Oct 5, 2017
How about a little something to remind yourself of your lovely trip to Kagoshima?
About 40 years ago, tea master Nobuo Orita was determined to banish the use of pesticides and chemical fertilisers on his farm as he realised it was causing him plenty of health problems. His foresight paid off. Today, Oritaen is one of the most highly sought-after organic green tea in Japan, and Mr. Orita believes it’s because of the consistency of its flavour. “The difference between my green tea and other types of green tea is how it can be paired with any kind of water—soft, hard, and even mineral—as well as enjoyed at any temperature, and it’ll still taste the same,” he says.
HHAE (middle), meaning southern wind, is a mixed blend whiskey only available in Kagoshima, and is well-balanced and easy to drink. For something more exclusive, go for the single-malt Komagatake Tsunuki (right), which has 59 percent alcohol. Gin lovers, check out WA BI GIN (left), an artisanal gin infused with Japanese ingredients such as kinkan (small oranges), yuzu, and shiso leaves.
Kagoshima shoyu is unique because it is much sweeter than other shoyu variants available in Japan. In fact, a local newspaper declared Fujiyasu shoyu to have a flavour that “tastes like jam”. Senshou is the sweetest among Fujiyasu shoyu products, and paired best with nikujaga (stewed potato and beef) or karaage (fried chicken) adding rich flavor.
Add a dash of Japanese finesse to your cooking with these easy-to-use katsuobushi packs (right) or dashi kurozu jelly (left). Not only is dashi an essential flavour in Japanese cuisine, it’s also rich in protein and minerals such as vitamin B12, niacin, and iron. According to Shinji Nakahara, CEO of Nakahara Suisan, he takes dashi at least five times a day and has not caught a cold in the past three years!
Karukan (right) is cherished Kagoshima treat made with locally-produced rice powder, a popular gluten-free choice. There are two versions; sweet—usually stuffed with red bean paste, and salty—coated with sea salt, allowing you to better enjoy the taste and texture of the rice powder. The rice powder is adopted in various sweets, such as roll cake, a leafy pie (left) and so on.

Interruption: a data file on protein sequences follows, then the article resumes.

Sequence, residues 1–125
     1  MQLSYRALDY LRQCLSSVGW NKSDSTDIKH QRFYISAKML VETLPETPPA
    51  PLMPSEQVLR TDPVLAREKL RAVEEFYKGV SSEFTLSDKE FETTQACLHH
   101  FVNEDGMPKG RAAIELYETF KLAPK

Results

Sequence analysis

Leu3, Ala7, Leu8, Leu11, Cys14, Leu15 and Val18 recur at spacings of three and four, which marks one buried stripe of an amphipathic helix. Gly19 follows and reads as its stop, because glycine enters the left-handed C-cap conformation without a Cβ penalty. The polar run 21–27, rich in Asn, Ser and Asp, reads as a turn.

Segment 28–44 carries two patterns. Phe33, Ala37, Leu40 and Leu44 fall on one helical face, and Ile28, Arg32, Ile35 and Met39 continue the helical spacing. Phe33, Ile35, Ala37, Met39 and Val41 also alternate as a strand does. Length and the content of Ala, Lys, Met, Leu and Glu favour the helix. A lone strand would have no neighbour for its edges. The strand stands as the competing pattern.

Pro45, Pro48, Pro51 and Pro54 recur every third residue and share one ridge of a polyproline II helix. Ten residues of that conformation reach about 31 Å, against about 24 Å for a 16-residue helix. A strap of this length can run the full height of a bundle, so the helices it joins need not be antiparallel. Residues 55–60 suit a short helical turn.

If you’re one of those who finds it hard to get your 5 A Day, try some Ashita no oyatsu, dried vegetable snacks from OKS. From dried burdock to carrots and ginger, you can enjoy a plethora of veggies throughout the day. And if you’re wondering about the nutritional value of dehydrated snacks, OKS’ CEO Takashi Okamoto explains that vegetables contain 95 percent water so when they’re dried, the nutrients are actually more concentrated. Pair these snacks with a healthy cup of gobo-cha (burdock root tea). It’s great for a boost of anti-oxidants, better immune system, and alleviating water retention among others. Plus, the burdock roots are roasted with volcanic stones from Mt. Sakurajima!
This traditional candy is made with sweet potatoes from Kagoshima, and is best enjoyed with a cup of hot tea. In recent years, a new bestseller has emerged from Fujiya Ame – a salty hard candy made with filtered deep sea water. Don’t go home without it!
In Kagoshima, it’s considered good hospitality to bestow your guests with sweet treats. As such, the Satsuma-age is no ordinary fried fishcake. Made with white fish such as sea bream and cod, Satsuma-age is sweeter than your usual fishcake as the fish paste is mixed with either brown sugar, shochu, or local sake.